05 Oct New Zealand then and now: Refugee reflects on changed attit…
Thirty years after arriving in New Zealand, Adel Salmanzadeh shares his thoughts on how the country’s treatment of refugees has changed, and how he defied the odds himself. Matthew Rosenberg reports.
Adel Salmanzadeh’s journey to New Zealand began in the back of a smuggler’s truck, travelling at speed towards the Pakistan border.
The ute powered through the night, kicking up a trail of dust as it passed an unpatrolled outpost. Iran was in its rearview mirror, safe, for now.
Perhaps it’s no coincidence the man who arrived in New Zealand without a word of English went on to complete his PhD in race unity.
With his country in the throes of the Iran-Iraq War, then-17-year-old Salmanzadeh was nearing the age of compulsory army enlistment, and the likely prospect of him being put on the frontlines because of his religion was too much for his mother.
With that fateful day approaching, she made the heartbreaking decision to send her two sons to new lands.
A bumpy ride in a truck, three days on camels, one train trip, and registration at Lahore’s United Nations commission for refugees would follow.
Two years later, Salmanzadeh would be accepted under New Zealand’s refugee quota and fly to the other side of the world to start a new life. He arrived in September 1989.
When Salmanzadeh arrived, he was overwhelmed by the hospitality he received.
Strangers would invite him into their home, and there was seemingly endless interest in his story.
Thirty years on, he’s taking some time to look back on his life, and reflect on the changing attitudes of New Zealanders.
Are we as welcoming as we once were? Salmanzadeh isn’t convinced.
“I think we’ve become more materialistic as a country. People want more stuff, more comfort. ‘I don’t just want a simple retirement, I want a really good one. I don’t want good healthcare, I want amazing healthcare’.
“When I came here, people were content and people could share their dinner.”
Following the Christchurch terror attacks, Salmanzadeh says New Zealanders were forced to confront just how little they knew those around them.
The whole country suddenly started talking about the fact they didn’t know their neighbours. Didn’t know the migrant family living next door.
He believes the Government can only do so much to integrate migrants and refugees into communities, saying a better solution is for people to get out there and make newcomers feel welcome themselves.
All people have similar needs, regardless of where they come from, he says.
What were Salmanzadeh’s needs when he arrived? Language was the main barrier, he says.
Although he felt accepted and welcomed, the refugee quota system was just a couple of years old and he soon found himself slipping through the cracks.
Salmanzadeh and his brother could only speak Farsi, their native tongue, so enrolment at Hutt Valley High came as a shock to the system.
He didn’t last long.
“Education was really important but English was very difficult. I remember going to high school and just dropping out after a few months,” he recalls.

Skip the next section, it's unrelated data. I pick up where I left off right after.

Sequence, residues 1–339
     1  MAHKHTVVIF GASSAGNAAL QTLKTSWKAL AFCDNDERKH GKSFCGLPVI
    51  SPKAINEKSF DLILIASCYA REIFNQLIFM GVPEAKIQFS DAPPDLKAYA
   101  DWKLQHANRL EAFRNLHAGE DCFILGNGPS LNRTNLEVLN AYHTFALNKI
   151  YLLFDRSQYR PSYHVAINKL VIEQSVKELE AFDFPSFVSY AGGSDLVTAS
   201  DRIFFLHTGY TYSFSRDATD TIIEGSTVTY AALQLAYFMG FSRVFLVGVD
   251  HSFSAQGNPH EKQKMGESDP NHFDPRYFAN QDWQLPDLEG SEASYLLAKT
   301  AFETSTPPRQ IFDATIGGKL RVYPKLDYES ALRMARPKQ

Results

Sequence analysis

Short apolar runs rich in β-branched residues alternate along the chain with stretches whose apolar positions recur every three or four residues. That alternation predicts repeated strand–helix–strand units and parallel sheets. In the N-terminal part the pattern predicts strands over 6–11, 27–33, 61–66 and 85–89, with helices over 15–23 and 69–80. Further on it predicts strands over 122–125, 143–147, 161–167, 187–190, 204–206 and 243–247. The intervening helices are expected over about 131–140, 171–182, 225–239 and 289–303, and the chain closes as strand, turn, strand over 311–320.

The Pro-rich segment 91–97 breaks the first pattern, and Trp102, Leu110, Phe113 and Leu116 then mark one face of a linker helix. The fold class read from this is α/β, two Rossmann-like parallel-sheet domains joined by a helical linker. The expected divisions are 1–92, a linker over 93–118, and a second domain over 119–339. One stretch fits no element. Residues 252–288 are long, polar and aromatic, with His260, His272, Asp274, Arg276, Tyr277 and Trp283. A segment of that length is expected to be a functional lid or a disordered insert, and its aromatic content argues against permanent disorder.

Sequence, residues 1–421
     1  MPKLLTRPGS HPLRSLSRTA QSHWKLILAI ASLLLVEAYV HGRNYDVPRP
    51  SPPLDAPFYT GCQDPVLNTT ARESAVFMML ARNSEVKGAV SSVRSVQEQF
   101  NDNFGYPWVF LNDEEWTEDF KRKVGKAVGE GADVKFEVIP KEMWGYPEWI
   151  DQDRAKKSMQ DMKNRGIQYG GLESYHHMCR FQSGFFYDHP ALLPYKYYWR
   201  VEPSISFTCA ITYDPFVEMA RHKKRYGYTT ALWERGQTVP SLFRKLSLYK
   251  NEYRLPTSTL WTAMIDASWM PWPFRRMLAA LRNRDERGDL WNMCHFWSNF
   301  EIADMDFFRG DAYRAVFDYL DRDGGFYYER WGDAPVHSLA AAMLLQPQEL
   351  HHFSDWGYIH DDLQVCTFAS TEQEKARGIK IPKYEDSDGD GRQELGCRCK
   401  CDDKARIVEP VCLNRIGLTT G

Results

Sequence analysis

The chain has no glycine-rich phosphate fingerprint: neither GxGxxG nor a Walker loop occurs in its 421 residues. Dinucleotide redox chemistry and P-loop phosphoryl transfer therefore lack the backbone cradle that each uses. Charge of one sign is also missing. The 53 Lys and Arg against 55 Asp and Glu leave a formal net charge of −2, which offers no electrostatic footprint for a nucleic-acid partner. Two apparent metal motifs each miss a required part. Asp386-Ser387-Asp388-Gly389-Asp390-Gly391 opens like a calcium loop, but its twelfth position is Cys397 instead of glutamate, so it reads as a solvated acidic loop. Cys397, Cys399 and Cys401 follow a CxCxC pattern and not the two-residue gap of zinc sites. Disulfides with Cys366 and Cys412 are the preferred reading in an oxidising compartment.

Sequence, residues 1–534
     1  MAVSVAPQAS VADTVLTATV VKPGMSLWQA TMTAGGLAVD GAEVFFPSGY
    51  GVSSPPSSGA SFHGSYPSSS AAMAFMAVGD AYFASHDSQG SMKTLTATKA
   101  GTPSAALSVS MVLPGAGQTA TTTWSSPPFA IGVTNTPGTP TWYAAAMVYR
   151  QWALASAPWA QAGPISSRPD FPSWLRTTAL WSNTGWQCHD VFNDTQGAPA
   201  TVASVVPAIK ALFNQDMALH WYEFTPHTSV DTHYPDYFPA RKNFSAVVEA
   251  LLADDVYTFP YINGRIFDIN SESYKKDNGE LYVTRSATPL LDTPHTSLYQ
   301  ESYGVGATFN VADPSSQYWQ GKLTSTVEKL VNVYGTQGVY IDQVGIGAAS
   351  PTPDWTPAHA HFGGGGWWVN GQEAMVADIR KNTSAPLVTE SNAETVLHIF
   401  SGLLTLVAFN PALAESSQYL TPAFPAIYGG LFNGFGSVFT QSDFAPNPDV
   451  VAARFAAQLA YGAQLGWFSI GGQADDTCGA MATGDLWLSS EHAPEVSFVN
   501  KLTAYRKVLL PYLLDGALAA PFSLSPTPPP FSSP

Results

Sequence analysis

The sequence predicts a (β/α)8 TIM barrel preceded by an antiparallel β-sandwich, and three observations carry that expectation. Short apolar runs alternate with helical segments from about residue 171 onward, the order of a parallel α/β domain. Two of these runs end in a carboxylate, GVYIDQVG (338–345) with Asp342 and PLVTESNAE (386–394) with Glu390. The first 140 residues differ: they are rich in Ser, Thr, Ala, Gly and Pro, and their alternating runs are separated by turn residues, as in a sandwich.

“It just wasn’t what I could carry on with. There was no support at the time.”
Thirty years on, Salmanzadeh has achieved his bachelor’s degree, masters, and will soon finish his PhD on race unity.
It would be a major achievement for anyone, but especially for a man who didn’t write his first 500 words in English until he was 21 years old.
Salmanzadeh never gave up on his education.
When he dropped out of high school, he took a job at McDonald’s which he used to teach himself English.
In 1994, he received special admission to Victoria University to begin his English degree.
“I knew I might have to spend 20 hours on an essay instead of 10, but that didn’t mean I couldn’t do it.
“How many papers I failed, how many C minuses I got … it was pretty hard work, but I stuck at it.”
Four years later (the degree normally took three), Salmanzadeh emerged triumphant with his bachelors.
It was 1998, the same year he married his wife Maxine (also Bahá’í). His father was present at both events, having travelled from Iran for his first and only trip.
He was so ill from diabetes that doctors in New Zealand said it was a “miracle” he’d been allowed on the plane at all, and he died soon after returning home.
How did Salmanzadeh push through difficult circumstances?
He says he’s “always had a deep belief that he’s going to make it”.
But he’s not exactly sure where that has come from.
“I’ve talked to my kids, they’re very curious about this too, [but] this is the nature of refugees, we need to do so many things to keep afloat. For us, we don’t take a day for granted.”
Salmanzadeh arrived in New Zealand with just a suitcase. Now he and his wife have their own home in Auckland’s Avondale, along with two children.
Aside from working on his PhD, he is also employed by the Ministry of Education as an advisor for refugee and migrant support services.
In his spare time, he creates prints which he sells to fund charity work.
Looking back to when he arrived, he shudders to think of someone in his position – an unaccompanied minor – being allowed to drop out of school because they were struggling with the language.
True integration begins on a grassroots level, he maintains.
On the street Salmanzadeh calls home, there are about 60 houses, almost all of which have received a knock on the door from him and his wife.
“You can have multi-million dollar initiatives, but the easiest thing is to knock on your neighbour’s door and have a cup of tea.
“That guy across the road from another country might have a different language and culture, but very similar needs.”